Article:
An early example of this move away from the established formula is a late-season episode, "Lover's Knot," a mostly terrible show set in London that has no tape scene, no dossier scene, and no apartment scene. Besides plunging right into the thick of the story (the effect is really jarring), the episode was directed by busy TV helmer Reza Badiyi, best remembered as the creator of Hawaii Five-O's famous opening titles. Badiyi tries adding a lot of visual oomph to the show: weird camera angles, lots of goofy dissolves, etc., but this only dates the show more than even the earliest Steven Hill episodes.
The episode also finds Paris falling in love with a Russian spy (Jane Merrow) the IMF team is trying to manipulate. Though this atypical bit of characterization is welcome, the episode is also emblematic of Nimoy's shortcomings as an actor; he's just too inexpressive during the love scenes. There's no passion, no sense of being torn between love and duty; throughout the episode, Nimoy's like a cigar store Indian. (I don't mean to sound unduly harsh, and to his credit he did get better over time, delivering fine work in both A Woman Called Golda and Never Forget, to cite two examples.)
It's also hysterically funny. Throughout the show are little moments where Paris, him being in love and all, abruptly saying something completely out of character. Cut to a two-shot of Jim Phelps (Peter Graves) and Barney, who exchange silent, worried glances. This happens about six times during the episode: Paris gets emotional (or as emotional as Nimoy can get), cut to Jim and Barney with big "Uh-oh!" looks on their faces, each more comical than the last.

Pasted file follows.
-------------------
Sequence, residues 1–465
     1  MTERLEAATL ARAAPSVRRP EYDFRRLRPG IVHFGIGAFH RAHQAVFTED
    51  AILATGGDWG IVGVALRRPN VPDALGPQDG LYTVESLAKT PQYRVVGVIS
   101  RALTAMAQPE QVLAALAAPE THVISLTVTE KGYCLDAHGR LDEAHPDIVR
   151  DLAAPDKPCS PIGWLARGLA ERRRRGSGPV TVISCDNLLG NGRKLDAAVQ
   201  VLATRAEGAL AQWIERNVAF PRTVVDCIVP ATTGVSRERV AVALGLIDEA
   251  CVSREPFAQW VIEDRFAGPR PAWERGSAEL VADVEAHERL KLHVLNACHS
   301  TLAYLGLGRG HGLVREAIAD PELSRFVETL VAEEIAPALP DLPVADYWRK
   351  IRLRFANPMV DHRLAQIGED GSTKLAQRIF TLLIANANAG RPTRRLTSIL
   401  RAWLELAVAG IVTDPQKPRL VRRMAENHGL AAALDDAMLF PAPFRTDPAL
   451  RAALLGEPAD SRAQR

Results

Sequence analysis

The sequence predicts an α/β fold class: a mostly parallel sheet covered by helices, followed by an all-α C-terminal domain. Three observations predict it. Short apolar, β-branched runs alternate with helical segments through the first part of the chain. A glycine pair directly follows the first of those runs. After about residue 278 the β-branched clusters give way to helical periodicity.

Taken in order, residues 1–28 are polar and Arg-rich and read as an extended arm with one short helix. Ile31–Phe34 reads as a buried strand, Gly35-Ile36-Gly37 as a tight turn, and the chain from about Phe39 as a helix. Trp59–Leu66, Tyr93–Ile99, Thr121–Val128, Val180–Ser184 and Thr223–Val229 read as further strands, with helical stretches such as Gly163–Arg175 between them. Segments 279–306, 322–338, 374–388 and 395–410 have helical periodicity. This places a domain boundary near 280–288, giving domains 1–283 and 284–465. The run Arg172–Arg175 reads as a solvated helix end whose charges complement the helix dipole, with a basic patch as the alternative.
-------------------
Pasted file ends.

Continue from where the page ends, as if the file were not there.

Thankfully, they left Barbara Bain's part open for the entire season, allowing for an interesting range of actresses to essentially screen test throughout the season. Lee Meriwether appears in the most episodes as Tracy (or Tracey). A few surprising faces turn up in this slot, such as Sally Ann Howes, fresh from Chitty Chitty Bang Bang, but part of the surprise is watching who turns up where. Other guest stars this season include: Michael Constantine, Harold Gould, May Britt, Torin Thatcher, Dina Merrill, Afred Ryder, Nehemiah Persoff, David Opatoshu, Sid Haig, Paul Stewart, Malachi Throne, Larry Linville, Anne Francis, Henry Brandon, Joseph Ruskin, Bert Freed, Barbara Luna, Steve Ihnat, Anthony Zerbe, Diane Baker, John Vernon, Fernando Lamas, Gregory Sierra, Peter Mark Richman, Antoinette Bower, Luther Adler, Arlene Martel, John Williams, Albert Paulsen, Bruce Glover, Booth Colman, Leon Askin, Pernell Roberts, Cicely Tyson, Arthur Franz, John Larch, and Anna Lee.
Video & Audio
Mission: Impossible - The Fourth TV Season looks good if not spectacularly great like the first few seasons. Colors here are less vivid, though that may be more the effect of the cinematography than colors fading with age. Generally, the full-frame episodes are reasonably sharp, and there's little signs of age-related wear or damage. Unlike CBS Video's controversial, inexcusable wholesale tampering of The Fugitive's entire underscoring, Mission: Impossible's library of familiar cues appears untouched in this set, though I didn't watch every episode. Despite the standard CBS DVD/Paramount warning that "some episodes may be edited from their original network versions," I saw no evidence of editing or time-compressed shows, though eagle-eyed readers who spot any problems are invited to write in and I'll amend the review. The shows are offered in their original mono, but the audio defaults to a strong Dolby Digital 5.1 mix for the opening theme. A Spanish mono track is included, along with optional English, Spanish, and Portuguese subtitles. There are no Extra Features.
Mission: Impossible - The Fourth TV Season is just okay. It's interesting to watch Nimoy in his first post-Spock role, but Landau and Bain are sorely missed. Episodes are fairly entertaining but increasingly mechanical. If you're not a die-hard fan of the series but liked the first three seasons, this is probably the last one you'll want to get. Recommended.
Film historian Stuart Galbraith IV's latest book, The Toho Studios Story, is on sale now.